Barzani adviser: Kurdish secession is inevitable
Amid tensions between Baghdad and Erbil, Kifah Mahmoud speaks with Al Jazeera about the region’s future prospects.
Amid rising regional tensions and international opposition, Iraqi Kurds voted in a controversial secession referendum in September, setting off a chain of events that resulted in a military confrontation between Erbil and Baghdad.
Central government troops quickly regained control of Kirkuk, home to more than one million people and the hub of a major oil-producing area. Kurdish Peshmerga forces withdrew from the city, which had been in their control since 2014, and government troops also pushed the Peshmerga out of Nineveh and Diyala provinces.
Baghdad has since deployed troops along the semi-autonomous region’s borders, in a move Kurds describe as unconstitutional.
Kifah Mahmoud, an Iraqi Kurdish political analyst and former Kurdish President Masoud Barzani’s media adviser, spoke with Al Jazeera about the ongoing conflict and the ultimate fate of Iraq’s Kurds.
Al Jazeera: What are the difficulties you face as Masoud Barzani’s adviser?
Kifah Mahmoud: On a personal level, I do not refer to challenging times as difficulties. Rather, I would say my job entails a lot of pressure from the media for several reasons.
We’re regularly asked to give interviews, and during these media appearances, we have to maintain a certain narrative and level of dialogue. President Barzani is a national leader, and for years he managed to be an influential figure both regionally and internationally.
Al Jazeera: Given the recent backlash – both locally and internationally – do you think that it was too soon to hold a referendum on Kurdish secession?
Mahmoud: Quite the contrary. In fact, I think we were very much delayed in our decision to carry out a referendum on secession. Personally, I had been advocating and fighting for this step since the United States toppled [late Iraqi] President Saddam Hussein’s regime back in 2003.
This step should have been taken directly after April 2003, instead of having gone to Baghdad to negotiate. We’re still paying the price for opting to negotiate.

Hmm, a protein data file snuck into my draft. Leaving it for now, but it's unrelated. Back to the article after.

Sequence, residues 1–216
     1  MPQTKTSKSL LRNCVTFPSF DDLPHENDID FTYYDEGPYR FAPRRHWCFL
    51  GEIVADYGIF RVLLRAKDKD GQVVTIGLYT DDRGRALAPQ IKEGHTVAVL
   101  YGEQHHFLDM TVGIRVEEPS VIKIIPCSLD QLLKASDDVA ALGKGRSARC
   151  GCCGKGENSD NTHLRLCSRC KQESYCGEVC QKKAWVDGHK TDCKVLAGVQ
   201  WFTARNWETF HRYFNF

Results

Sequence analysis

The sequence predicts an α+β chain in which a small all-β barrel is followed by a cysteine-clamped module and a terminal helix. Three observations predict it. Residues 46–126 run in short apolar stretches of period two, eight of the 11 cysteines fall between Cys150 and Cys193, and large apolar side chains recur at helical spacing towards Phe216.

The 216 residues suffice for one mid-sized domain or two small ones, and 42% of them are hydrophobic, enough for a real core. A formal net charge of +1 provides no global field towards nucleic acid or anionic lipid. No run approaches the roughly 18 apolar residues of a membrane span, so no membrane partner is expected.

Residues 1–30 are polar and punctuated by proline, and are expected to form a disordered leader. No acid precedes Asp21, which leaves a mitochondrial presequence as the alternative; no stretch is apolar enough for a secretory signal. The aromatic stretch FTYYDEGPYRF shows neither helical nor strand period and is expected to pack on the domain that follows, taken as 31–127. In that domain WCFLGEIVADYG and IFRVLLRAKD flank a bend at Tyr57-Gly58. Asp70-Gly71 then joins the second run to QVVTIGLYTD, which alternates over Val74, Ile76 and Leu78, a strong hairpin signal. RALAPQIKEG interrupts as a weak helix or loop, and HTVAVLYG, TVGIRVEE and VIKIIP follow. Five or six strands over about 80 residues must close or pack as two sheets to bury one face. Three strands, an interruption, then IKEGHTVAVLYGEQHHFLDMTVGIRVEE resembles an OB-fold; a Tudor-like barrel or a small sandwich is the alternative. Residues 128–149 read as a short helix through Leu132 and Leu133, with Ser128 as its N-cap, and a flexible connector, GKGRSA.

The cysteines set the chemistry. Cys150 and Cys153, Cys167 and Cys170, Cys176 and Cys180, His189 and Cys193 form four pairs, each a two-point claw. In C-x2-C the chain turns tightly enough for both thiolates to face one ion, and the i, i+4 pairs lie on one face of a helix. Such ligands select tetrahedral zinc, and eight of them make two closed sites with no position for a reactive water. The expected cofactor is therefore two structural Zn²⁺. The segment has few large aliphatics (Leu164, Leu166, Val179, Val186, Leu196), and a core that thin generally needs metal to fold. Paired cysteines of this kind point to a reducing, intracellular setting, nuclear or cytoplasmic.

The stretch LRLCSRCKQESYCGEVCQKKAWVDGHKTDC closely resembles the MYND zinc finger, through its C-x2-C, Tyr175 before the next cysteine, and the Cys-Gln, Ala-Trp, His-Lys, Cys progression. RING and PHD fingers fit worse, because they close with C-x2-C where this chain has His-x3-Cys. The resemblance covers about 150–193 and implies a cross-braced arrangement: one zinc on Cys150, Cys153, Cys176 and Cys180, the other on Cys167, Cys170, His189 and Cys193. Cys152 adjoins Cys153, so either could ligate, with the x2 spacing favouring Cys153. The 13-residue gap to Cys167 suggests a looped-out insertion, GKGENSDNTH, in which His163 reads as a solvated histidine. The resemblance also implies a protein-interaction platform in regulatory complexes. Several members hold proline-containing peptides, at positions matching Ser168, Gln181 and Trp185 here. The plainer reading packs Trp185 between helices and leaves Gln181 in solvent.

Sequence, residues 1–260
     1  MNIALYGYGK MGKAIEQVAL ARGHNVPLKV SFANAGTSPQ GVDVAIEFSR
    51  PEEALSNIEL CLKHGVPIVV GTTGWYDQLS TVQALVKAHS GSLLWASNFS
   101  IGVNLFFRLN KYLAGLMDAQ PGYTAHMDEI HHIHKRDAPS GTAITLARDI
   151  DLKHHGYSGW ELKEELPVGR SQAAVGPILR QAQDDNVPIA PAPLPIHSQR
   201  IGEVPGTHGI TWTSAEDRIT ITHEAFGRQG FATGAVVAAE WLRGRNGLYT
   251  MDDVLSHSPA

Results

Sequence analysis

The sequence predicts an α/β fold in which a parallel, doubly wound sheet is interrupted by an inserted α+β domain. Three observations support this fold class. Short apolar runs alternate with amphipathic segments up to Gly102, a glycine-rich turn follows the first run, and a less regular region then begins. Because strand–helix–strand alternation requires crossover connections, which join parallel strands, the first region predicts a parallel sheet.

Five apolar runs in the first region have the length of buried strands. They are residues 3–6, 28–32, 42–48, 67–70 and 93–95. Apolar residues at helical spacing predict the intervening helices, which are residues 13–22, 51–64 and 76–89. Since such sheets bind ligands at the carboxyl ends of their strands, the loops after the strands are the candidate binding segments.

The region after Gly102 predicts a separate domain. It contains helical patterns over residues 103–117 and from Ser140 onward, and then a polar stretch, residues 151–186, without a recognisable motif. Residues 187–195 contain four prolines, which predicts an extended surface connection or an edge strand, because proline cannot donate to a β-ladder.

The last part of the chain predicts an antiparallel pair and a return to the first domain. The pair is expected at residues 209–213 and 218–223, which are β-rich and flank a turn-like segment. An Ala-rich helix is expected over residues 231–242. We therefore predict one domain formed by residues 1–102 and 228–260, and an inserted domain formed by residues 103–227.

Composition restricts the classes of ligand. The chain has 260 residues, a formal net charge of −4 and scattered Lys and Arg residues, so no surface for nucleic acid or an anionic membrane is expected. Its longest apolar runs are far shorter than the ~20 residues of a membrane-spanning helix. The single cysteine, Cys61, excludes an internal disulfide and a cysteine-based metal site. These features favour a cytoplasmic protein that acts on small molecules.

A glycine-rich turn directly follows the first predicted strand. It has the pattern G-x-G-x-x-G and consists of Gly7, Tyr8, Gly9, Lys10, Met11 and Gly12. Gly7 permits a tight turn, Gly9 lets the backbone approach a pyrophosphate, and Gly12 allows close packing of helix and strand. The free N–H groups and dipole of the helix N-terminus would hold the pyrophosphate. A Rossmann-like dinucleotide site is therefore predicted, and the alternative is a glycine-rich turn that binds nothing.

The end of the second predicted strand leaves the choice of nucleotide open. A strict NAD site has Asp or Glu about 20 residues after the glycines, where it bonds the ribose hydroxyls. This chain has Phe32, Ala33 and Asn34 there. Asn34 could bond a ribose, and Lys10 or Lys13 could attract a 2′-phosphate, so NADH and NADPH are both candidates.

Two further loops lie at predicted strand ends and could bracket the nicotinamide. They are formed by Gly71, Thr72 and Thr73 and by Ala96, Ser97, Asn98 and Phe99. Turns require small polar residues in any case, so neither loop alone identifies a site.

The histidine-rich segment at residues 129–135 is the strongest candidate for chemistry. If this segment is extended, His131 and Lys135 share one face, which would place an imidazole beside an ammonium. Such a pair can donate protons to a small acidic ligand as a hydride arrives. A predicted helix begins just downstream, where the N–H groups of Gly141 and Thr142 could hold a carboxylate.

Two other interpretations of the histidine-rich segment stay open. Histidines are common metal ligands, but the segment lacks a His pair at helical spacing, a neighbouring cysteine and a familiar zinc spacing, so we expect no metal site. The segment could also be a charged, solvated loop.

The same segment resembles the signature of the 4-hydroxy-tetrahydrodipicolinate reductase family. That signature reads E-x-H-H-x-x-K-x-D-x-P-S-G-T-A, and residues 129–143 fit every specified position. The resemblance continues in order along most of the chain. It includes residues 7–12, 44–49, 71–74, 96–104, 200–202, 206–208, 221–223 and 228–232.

Al Jazeera: What are the main challenges facing the Kurdish region now that the oil-rich city of Kirkuk has been retaken by the central government?
Mahmoud: Kirkuk will not be gone forever. For more than four decades, Saddam Hussein’s government and his predecessors tried to change the city’s demographics, but it was reclaimed by the Kurds in a matter of four hours.
Among our biggest challenges at the moment is Baghdad’s lack of faith in the power of dialogue, and its inclination to deal with the Kurdish question through military force. This has been the case with previous governments as well, but they fell, and we remained.
Al Jazeera: What are the main existing internal divisions within the Kurdish parliament that may hinder potential negotiations?
Mahmoud: The Kurdish parliament is not divided; it is actually practising democracy by the mere fact that it is facing real opposition. The fact that the majority party has its opinions and views, while other parties also have their opposing positions, reflects a healthy and diverse process adopted by the regional parliament.
Al Jazeera: Do you hope to see a successful Kurdish secession in the near future?
Mahmoud: Independence is a notion that stems from the minds and hearts of the Kurdish people. Manifesting this on the ground has come in the form of policies pushed by the parliament and the Kurdish judicial body. The notion is a reality that cannot be disputed among any Kurd in the [Iraqi] region.
If there is one thing that the Kurdish people and the government are not in sync with – I would say it is merely the means of executing this, or perhaps a matter of timing. I am optimistic because the referendum proved the will of the Kurdish people and their determination to make secession a reality.
Al Jazeera: In your opinion, what steps should the central government in Baghdad adopt moving forward?
Mahmoud: Today, the central government does not have much of a choice, except to speed up the dialogue process and stop its punitive measures against the Kurdish people. It also needs to pull out its armed troops from along the Kurdish region’s borders, as their presence has violated various articles of the constitution.